Media Law: the trial

22May09

McNae-gate is drawing ever closer with just 6 days left on the clock.

I endured my last (touch wood) ever shorthand exam unless I decide I want to push the boat out and go for 120wpm which I really don’t see happening. I can write Teeline shorthand perfectly well as long as there isn’t a certificate riding on it and the transcription does not have to be verbatim.

So to congratulate myself I have had a glass of wine on my own on a Friday night with nought but my law books for company and even then I feign revision as the process is so long in the tooth now that I would gladly pay any media lawyer who resembled me in appearance the remainder of my Post Office savings account to sit it for me if it guaranteed a pass.

The passage was good and I am willing to drink to my success now as I am fairly certain I passed the wretched thing. That an a drug test are about the only things I am pretty confident I could pass at present. Even the blood test i had the other week came out as anaemic!

The law resit I don’t even want to talk about – it seems such a futile exercise. Despite having a relatively sophisticated vocabulary and an immense capacity for gossip and trivia, examinations have never been my strong point. Granted, I have never actually failed anything before the NCTJ law exams, but when it comes to hard fact rather than the powers of clever language and a little persuasion, I tend to fair rather averagely.

This is probably one of the reasons that I want to be/ am becoming a journalist.

A journalist doesn’t do well to reel off formulae and science, it alienates the reader. The power to write in an interesting way can win you readers and recognition but it is not a journalist’s remit to act as a lecturer.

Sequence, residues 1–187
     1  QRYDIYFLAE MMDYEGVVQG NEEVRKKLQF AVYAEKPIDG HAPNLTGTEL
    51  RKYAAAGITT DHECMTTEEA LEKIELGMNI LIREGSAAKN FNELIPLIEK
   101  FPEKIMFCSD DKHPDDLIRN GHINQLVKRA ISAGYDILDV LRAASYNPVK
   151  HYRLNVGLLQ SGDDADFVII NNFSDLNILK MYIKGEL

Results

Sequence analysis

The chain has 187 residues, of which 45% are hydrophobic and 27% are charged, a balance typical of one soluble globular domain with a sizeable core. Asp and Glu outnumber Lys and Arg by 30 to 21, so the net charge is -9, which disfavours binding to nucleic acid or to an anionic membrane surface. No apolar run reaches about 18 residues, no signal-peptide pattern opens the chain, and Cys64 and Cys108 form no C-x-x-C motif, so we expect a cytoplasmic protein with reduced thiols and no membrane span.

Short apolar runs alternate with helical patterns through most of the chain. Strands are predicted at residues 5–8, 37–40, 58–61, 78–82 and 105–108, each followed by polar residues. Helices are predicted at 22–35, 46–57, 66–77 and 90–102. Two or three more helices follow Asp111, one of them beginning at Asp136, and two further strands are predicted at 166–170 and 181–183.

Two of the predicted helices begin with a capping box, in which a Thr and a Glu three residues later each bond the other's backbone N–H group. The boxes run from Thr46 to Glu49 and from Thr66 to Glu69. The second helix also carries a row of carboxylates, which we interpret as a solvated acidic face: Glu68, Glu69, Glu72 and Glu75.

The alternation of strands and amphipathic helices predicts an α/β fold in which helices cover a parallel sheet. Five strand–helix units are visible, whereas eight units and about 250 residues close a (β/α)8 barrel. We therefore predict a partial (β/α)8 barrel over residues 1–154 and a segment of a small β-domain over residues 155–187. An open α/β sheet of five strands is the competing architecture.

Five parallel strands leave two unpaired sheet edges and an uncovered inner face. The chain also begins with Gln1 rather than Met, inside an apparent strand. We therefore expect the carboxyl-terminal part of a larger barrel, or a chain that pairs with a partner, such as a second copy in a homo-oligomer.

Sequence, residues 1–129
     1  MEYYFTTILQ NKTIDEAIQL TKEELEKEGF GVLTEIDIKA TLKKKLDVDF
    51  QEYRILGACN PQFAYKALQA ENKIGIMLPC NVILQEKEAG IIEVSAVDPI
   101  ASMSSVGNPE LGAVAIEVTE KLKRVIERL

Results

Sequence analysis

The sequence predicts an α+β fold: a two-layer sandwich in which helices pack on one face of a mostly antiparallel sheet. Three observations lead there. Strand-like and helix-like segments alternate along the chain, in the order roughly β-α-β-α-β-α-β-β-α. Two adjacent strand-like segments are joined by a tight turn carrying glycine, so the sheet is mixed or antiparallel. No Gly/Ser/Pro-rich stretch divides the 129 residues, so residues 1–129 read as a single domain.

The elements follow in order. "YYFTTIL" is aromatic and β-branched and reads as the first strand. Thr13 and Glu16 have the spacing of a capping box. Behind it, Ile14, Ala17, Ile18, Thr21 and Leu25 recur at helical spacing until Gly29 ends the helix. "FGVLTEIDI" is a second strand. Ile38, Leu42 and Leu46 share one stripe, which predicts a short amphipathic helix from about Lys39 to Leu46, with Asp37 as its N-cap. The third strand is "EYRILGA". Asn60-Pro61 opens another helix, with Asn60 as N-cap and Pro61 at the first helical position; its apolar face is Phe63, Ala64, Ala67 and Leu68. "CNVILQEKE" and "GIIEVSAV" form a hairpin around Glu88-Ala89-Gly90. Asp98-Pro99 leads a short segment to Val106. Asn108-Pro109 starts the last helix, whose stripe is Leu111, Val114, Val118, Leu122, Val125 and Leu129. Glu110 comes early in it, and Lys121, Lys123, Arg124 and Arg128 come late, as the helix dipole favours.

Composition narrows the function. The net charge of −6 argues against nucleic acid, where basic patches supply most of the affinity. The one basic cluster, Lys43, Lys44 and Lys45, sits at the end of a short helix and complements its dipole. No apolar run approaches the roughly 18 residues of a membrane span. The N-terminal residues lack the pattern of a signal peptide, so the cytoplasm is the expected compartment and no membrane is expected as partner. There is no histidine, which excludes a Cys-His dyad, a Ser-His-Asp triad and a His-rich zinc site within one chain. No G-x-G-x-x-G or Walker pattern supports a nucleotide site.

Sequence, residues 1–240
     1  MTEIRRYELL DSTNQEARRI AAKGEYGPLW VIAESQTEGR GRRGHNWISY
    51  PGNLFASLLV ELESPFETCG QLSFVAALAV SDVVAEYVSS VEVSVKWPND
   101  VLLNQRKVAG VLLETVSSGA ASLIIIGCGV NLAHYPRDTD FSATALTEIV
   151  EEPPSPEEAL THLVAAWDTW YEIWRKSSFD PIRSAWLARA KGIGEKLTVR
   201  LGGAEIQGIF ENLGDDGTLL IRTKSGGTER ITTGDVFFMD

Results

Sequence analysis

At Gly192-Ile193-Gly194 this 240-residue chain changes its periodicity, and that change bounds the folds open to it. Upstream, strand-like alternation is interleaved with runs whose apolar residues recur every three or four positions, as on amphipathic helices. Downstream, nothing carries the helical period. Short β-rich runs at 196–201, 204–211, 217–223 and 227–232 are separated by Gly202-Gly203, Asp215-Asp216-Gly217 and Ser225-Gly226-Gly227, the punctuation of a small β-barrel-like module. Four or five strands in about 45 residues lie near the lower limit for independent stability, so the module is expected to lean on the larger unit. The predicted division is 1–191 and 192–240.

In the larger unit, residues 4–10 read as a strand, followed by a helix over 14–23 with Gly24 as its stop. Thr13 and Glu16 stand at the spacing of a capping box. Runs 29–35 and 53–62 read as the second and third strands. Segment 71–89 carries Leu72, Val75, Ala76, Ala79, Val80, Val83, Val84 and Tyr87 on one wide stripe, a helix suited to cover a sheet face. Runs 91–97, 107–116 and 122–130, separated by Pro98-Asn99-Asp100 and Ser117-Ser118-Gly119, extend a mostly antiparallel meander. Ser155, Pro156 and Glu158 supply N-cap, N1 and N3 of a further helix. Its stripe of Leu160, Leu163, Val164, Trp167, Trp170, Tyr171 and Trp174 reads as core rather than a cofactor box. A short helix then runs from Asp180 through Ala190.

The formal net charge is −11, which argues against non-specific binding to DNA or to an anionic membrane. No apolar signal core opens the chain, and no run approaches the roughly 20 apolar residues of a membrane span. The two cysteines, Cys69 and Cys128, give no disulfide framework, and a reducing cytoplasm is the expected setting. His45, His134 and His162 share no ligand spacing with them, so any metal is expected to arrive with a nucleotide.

I have never been a boffin, I was always the bottom in the class in science and maths. I tended to do well in French but my family speak it at home. Other than French, Art and English were my top scoring subjects at school and even in English I’m sure thats because I had the most excruciating schoolgirl crush on my Polish, Oxbridge postgraduate English teacher. Just thinking about him now makes me feel compelled to read Milton

There is an element in this blog of talking myself out of revising for my law exam and for that I apologise. Nevertheless the exam must be sat and I have 6 days in which to assimilate the entirety of McNae’s teachings into my tiny little body. If it were possible to record the book and play it to my unconscious ears while sleeping with certain success then I’d plug myself in because I know what passing will have to involve.

So, to pass these resits this is a brief summary of my revision technique; I am not one of these kids that can make a mind map and it actually works, I have to write, recite and re-write a thousand times before a fact goes in, and even then in the pressure of the pre-exam moment it all pisses away into the toilet bowl when I get the stress-wees.

Don’t pretend you don’t get them. Everybody gets the stress-wees. Boys tend to get the stress-poos to be honest but its much the same process of fannying (excuse the verb) about in the loos washing your clammy hands after emptying a gurgling bladder and hyperventilating in a small room.

Am I setting myself up for a fall with this attitude. My attitude is, I failed it once and I could very easily fail it again. The only chance I have is if Mr Sobecki my gorgeous English teacher decides to join the Salford University payroll as a Media Law tutor.

Advertisements


No Responses Yet to “Media Law: the trial”

  1. Leave a Comment

Leave a Reply

Fill in your details below or click an icon to log in:

WordPress.com Logo

You are commenting using your WordPress.com account. Log Out /  Change )

Google+ photo

You are commenting using your Google+ account. Log Out /  Change )

Twitter picture

You are commenting using your Twitter account. Log Out /  Change )

Facebook photo

You are commenting using your Facebook account. Log Out /  Change )

Connecting to %s


%d bloggers like this: